book contains the first comprehensive examination of popular familiar belief in early modern Britain. It provides an in-depth analysis of the correlation between early modern British magic and tribal shamanism, examines the experiential dimension of popular magic and witchcraft in early modern Britain, and explores the links between British fairy beliefs and witch beliefs.
In the hundreds of confessions relating to witchcraft and sorcery trials in early modern Britain there are detailed descriptions of intimate working relationships between popular magical practitioners and familiar spirits of either human or animal form. Until recently historians often dismissed these descriptions as elaborate fictions created by judicial interrogators eager to find evidence of stereotypical pacts with the Devil.
Although this paradigm is now routinely questioned, and most historians acknowledge that there was a folkloric component to familiar lore in the period, these beliefs, and the experiences reportedly associated with them, remain substantially unexplored.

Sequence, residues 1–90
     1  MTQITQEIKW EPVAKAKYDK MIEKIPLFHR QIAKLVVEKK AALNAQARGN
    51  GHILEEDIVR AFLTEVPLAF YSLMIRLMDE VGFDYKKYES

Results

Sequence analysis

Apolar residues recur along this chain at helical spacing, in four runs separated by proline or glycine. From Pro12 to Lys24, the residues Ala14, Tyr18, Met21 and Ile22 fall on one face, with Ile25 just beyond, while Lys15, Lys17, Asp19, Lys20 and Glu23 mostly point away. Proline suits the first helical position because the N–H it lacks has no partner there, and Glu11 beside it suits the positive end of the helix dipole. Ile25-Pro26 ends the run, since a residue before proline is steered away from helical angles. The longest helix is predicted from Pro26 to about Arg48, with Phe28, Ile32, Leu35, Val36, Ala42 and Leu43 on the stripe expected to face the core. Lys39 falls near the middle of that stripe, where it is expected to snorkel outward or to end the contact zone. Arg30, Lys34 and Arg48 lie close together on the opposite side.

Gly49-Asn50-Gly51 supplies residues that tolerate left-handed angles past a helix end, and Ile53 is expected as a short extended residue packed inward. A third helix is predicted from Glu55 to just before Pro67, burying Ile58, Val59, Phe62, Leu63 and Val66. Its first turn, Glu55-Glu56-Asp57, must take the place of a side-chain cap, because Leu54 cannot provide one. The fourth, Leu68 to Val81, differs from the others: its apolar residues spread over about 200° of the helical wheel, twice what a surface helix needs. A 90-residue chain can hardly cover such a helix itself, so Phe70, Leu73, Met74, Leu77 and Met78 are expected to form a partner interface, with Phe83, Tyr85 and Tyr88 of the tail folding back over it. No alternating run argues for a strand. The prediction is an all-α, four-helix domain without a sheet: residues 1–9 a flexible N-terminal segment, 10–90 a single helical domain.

This book examines the folkloric roots of familiar lore from historical, anthropological and comparative religious perspectives. It argues that beliefs about witches' familiars were rooted in beliefs surrounding the use of fairy familiars by beneficent magical practitioners or 'cunning folk', and corroborates this through a comparative analysis of familiar beliefs found in traditional Native American and Siberian shamanism.
The author explores the experiential dimension of familiar lore by drawing parallels between early modern familiar encounters and visionary mysticism as it appears in both tribal shamanism and medieval European contemplative traditions. These perspectives challenge the reductionist view of popular magic in early modern Britain often presented by historians.